Once you’ve finished crafting your 3D scene, you’ll probably want to do something with it. For that you will need to use the Export feature.
Export is a paid upgrade that can be unlocked via in-app purchase in the ShapeScript iOS App. Export is not available in the free ShapesScript Viewer.
To export your scene, select the export menu in the top-right of the window to unlock the export functionality. Once unlocked, this menu will display the export options.
Note: If the
Export Image/Model menu is grayed-out, it is most likely because your scene is still loading. Wait for the loading spinner in the top-left of the ShapeScript window to finish before trying to export.
ShapeScript can export your scene in a variety of model file formats, selectable from the export menu:
|Extension||File Type||Supports All Features|
|scn / scnz||SceneKit Scene Document||Yes|
|usd / usdz||Universal Scene Description||No|
|ply||Polygon File Format||No|
Note: Not all formats support all features of ShapeScript scenes, so you may need to experiment. In general, DAE is the most reliable, widely-supported format to use.
Some model formats do not support embedding geometry and textures or materials in a single file; In this case, ShapeScript will export a folder containing the model and associated assets as separate files.
Exported models can be used in a variety of ways:
Models exported from ShapeScript are well-suited to use in realtime 3D because the
detail command gives you fine control over the triangle count. For realtime use you should generally set the detail level as low as you can get away with.
You can import DAE files into a game development tool like Unity, or use USD(Z) files with Apple’s SceneKit and RealityKit frameworks in Xcode.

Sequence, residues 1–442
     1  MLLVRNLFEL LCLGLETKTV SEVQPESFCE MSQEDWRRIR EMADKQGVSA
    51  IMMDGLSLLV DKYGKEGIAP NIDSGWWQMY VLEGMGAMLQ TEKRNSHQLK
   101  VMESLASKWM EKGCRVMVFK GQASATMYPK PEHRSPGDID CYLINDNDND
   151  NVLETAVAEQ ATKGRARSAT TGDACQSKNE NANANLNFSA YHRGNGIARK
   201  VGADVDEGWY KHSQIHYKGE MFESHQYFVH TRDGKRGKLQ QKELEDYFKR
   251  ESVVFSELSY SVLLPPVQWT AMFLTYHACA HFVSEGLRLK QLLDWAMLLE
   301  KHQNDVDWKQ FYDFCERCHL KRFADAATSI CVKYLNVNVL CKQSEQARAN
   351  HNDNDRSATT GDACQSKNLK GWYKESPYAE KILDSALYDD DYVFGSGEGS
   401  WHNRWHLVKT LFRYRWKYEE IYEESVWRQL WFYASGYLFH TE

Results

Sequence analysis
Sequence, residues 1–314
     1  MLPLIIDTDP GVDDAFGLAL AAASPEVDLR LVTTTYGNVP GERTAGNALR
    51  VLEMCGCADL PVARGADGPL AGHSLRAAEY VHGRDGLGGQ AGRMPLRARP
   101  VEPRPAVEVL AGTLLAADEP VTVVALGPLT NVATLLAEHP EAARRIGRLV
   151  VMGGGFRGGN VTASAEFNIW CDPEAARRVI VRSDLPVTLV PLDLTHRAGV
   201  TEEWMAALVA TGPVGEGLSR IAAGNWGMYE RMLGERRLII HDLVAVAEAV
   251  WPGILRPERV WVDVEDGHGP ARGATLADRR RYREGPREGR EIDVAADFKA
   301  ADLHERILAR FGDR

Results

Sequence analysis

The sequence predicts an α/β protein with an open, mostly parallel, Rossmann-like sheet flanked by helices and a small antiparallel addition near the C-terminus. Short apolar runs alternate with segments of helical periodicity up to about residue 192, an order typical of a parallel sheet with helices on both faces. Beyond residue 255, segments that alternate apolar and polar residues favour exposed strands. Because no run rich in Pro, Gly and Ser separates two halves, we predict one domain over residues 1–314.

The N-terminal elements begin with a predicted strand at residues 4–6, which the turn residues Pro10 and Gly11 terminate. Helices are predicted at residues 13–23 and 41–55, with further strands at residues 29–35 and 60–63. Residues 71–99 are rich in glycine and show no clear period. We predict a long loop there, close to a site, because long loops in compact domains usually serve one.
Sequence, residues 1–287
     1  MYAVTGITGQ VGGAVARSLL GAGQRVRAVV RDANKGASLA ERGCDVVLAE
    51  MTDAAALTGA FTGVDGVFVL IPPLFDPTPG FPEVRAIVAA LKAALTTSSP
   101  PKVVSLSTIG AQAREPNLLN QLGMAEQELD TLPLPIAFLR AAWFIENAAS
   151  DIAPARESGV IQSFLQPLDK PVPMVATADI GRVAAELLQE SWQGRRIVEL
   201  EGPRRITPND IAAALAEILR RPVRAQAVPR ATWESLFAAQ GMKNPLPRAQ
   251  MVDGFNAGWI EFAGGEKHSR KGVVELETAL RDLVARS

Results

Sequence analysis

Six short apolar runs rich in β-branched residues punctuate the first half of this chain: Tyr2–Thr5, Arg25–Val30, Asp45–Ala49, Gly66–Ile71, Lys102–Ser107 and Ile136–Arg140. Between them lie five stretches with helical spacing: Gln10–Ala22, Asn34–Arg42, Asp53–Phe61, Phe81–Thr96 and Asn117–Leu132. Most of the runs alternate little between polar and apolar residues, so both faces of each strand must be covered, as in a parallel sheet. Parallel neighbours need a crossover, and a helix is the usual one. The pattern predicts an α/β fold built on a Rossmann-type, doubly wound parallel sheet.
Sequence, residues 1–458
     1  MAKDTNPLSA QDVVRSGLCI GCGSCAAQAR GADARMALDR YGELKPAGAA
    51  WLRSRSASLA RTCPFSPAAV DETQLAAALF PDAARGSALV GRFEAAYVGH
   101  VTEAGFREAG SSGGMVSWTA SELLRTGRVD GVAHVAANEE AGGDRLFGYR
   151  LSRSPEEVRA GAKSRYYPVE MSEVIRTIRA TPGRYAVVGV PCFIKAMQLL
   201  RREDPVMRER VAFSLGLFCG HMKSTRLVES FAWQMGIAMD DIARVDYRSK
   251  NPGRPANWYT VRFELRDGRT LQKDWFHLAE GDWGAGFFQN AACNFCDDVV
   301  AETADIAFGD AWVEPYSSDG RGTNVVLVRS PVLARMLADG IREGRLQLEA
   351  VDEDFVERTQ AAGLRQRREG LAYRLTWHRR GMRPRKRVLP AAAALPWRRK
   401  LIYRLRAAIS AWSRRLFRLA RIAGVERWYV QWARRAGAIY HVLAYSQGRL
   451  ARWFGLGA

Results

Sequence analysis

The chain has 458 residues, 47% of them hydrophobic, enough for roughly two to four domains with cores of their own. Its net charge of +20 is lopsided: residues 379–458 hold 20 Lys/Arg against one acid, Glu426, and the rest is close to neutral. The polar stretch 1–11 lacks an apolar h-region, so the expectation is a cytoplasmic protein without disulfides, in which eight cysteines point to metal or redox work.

ShapeScript can export models in Stereolithography (STL) format, used by many 3D printing applications.
When exporting for 3D printing, you will usually want to avoid having internal geometry inside the outer surface of your model. A good way to do this is to use the union command to combine all the parts of your model into a single shape, eliminating internal faces.
ShapeScript scenes use the “Y-up” convention, where the Y-axis points up and the Z-axis points out from the screen. Some popular 3D printing applications such as Cura use the “Z-up” convention instead. Check the “Convert to Z-Up” option in the export menu to export your model in this orientation.
In addition to 3D model formats, ShapeScript can also export 2D images. By default, images will be captured using the current camera, but you can select a different camera view from the export window.
The following image formats are supported:
|Extension||File Type||Supports Transparency|
|png||Portable Network Graphics||Yes|
|jpg / jpeg||Joint Photographic Experts Group||No|
If you aren’t sure which format to use, the PNG format is a good all-rounder, with lossless compression and transparency support.
The size of the exported image defaults to the current window size at the current display resolution. You can override this size in your script file by adding
height options to your custom camera, or by tapping on the size label in the export menu and selecting a different size:
Images are exported with a transparent background by default if the selected format supports it, or white otherwise. To change the background color or set a background image, you can use the background command.
When exporting an image (or exporting a model for non-realtime use), you may wish to use the
detail command to increase the detail level. A detail level of 100 should be good enough for even a very large or high-resolution image, but this may take a long time to generate for a complex model.
Note: Although ShapeScript can export images, for best results you should export as a 3D model and then import that into a ray tracing program that provides fine-grained control over scene lighting and camera placement.